21 June 2011

Making Eye Contact

I'm not good at making eye contact. I don't know why. I don't know if no one ever made it with me, or if I heard that "the eyes are the window to the soul" and decided I didn't want just anyone peering into my soul, or if it became a way to stay on the periphery, to not be noticed because then no one would hurt me.

Whatever the reason, I'm making a concerted effort to look in my daughter's eyes these days. I want to see her soul, and I want her to see mine. And I don't want her growing up without knowing how to hold someone's eyes. I don't want her to always wonder when she should look away and if she did it too soon.

Kids need eye contact. I think I read that somewhere, though I can't find the source anywhere. But they do need it, nonetheless. I don't need a scientist to tell me that (though I appreciate it when they back me up) - I know it in my soul. Soul-deep, she needs someone to look into her eyes, to see her, and to not turn away, not ever.

And so I look into her eyes when we play. Back and forth in the swing, I hold her eyes with mine and I smile. Under the sheet-tent, I soak in all the pure blueness of those eyes, and I marvel again that they stayed newborn-violet-blue all these months. From across the yard and across the room, I watch her until her eyes meet mine and she smiles.

I want to give her so much with my eyes. I want to look and look, to tell her somehow that it doesn't matter what I see there, I love her and I will always want to look in her eyes. I want her to know that she's held and loved and precious, even when she's not being good or having a tough day.

But no matter what I give her, she gives me so much more. I can't quite explain what I see there, but I think it goes something like this, "You're my mama. I know you, because you're my mama. Now I'm here and you're here and there's nothing else we need, just now."

Those eyes and their message worm their way into my soul and, where I used to have to remind myself to look into her eyes and let us both rest there, now I find myself seeking them out. We give and receive in that place, that place no one else can touch, and it forges a bond between us that's different from all the other bonds we have. It's a bond I'd have missed if I'd never thought to meet her eyes.

I can't help but wonder, when I think about those eyes and the messages we send there, what it would be like to look into Jesus' eyes. I remember a story I once heard, about a farmer who slipped into the back of the small, local, Catholic church at the end of each working day and stared at the crucifix. When the priest finally asked him what he was doing, he said, "I come in here, and I look at him and he looks back at me."

There's something to the face-to-face-ness of heaven that will heal so much, I think. In fact, sometimes I wonder if that's the moment that some people call Purgatory, the moment when we lose the stain we carry on this earth, when we finally give up all the garbage once and for all.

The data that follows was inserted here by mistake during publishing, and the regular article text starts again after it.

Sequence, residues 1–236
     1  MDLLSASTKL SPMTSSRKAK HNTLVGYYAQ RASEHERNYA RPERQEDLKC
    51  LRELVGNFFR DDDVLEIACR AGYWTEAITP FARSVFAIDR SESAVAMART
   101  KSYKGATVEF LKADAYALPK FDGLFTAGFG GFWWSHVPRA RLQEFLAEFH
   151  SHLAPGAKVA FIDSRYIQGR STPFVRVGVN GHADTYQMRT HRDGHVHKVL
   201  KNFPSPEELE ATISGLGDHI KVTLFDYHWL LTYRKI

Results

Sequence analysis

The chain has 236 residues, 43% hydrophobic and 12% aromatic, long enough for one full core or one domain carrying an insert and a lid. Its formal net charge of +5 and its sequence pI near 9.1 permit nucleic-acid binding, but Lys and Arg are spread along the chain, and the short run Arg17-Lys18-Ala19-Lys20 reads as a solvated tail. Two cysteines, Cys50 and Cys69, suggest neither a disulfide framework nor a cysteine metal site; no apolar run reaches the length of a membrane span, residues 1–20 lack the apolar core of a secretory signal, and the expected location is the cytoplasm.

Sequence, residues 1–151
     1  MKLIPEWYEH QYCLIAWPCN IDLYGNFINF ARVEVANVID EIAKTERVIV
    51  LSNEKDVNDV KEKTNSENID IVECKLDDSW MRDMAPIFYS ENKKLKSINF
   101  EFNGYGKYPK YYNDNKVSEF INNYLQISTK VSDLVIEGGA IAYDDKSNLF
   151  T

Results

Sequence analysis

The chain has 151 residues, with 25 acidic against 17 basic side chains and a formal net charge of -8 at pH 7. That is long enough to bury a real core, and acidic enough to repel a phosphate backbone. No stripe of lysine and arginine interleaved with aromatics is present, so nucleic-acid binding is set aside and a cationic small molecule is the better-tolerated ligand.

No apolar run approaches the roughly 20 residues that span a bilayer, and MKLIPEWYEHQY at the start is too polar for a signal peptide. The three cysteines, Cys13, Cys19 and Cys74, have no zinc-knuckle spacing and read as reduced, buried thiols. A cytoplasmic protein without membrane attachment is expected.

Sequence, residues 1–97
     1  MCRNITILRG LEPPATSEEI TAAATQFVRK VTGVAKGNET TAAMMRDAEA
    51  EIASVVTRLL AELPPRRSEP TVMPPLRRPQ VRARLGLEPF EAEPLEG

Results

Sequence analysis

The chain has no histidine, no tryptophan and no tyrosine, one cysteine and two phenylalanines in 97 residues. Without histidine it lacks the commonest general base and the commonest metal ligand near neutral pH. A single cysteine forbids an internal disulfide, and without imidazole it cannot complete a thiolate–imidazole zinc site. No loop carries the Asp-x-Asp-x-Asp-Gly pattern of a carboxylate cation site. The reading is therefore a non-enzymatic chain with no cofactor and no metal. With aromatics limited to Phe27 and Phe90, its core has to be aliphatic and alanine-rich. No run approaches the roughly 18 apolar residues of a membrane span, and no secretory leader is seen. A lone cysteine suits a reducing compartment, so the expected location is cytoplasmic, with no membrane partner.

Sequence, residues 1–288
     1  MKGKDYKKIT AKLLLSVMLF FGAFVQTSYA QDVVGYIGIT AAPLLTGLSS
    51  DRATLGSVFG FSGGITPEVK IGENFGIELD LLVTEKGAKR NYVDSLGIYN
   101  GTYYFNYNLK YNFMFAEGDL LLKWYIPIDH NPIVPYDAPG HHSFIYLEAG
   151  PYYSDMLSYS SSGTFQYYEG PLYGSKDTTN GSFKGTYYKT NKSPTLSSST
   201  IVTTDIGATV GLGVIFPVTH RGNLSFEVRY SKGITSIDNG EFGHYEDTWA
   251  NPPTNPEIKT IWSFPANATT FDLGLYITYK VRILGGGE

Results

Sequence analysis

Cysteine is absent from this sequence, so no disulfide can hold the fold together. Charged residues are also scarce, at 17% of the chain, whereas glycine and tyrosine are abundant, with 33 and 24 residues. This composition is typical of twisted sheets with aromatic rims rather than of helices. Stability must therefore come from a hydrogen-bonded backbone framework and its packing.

There's power in a gaze, a power I've avoided most of my life. And yet I think I could look Jesus in the eye, at least for part of a second, just to see what would happen. Because he is love, and I don't think I could live having passed that chance by.


christianne said...

Wow. So totally beautiful, my friend.

I love this meditation on your daughter's beautiful blue eyes and the way the gazes you share are changing her and changing you.

I love the way this meditation also included Jesus. There's a garden on the grounds of San Pedro, where I did my Audire training these last three years, where a very large crucifix stands with a life-sized bronze sculpture of Jesus hanging on it. A bench faces it, and sitting on that bench and staring at the face of Jesus is one of my favorite places to be.

I never knew you struggled with the act of making and holding eye contact. I do, too. Always have, but hopefully not always will.


kirsten said...

I have long held in my heart the belief -- and can see here -- that children are our greatest teachers. There's something about their unstained and innocent nature that is incredibly refreshing as an adult who has been stained and wounded.

In this I see that you are teaching Mirren not only to see, but to be seen. And it's pretty darn clear that in this give and take, you are learning something about seeing and being seen, too. I've often wondered at the fact that something like eye contact should be so vulnerable, and feel so stripping. Whoever came up with the saying about eyes being soul-windows was onto something.

Thank you for these reflections, friend. Love and peace to you.


Julie said...

What a great commentary! Children are so wonderful -- especially daughters, I think, because they make us want to correct our faults so that they can have happier, more satisfied lives. Blessings to you and your little one!

Thanks for sharing!

Joelle said...

Absolutely lovely, Sarah! To be held in Love's gaze is the greatest gift, I think. What a precious thing to give your girl!

emily wierenga said...

I want to give her so much with my eyes. I want to look and look, to tell her somehow that it doesn't matter what I see there, I love her and I will always want to look in her eyes.

this touched me deep, sarah. thank you. xo

(ps. i thought you made great eye contact during our visit :))

Shigune Matsui said...

I don't make good contact either, *sigh*. But again, people are different. Me, I am a perfect example. I seek to break from society's bond to normality, simply because being weird is perhaps one of the greatest feelings, even if one thinks weird people are psychotic. Here's my blog www.normsfallen.blogspot.com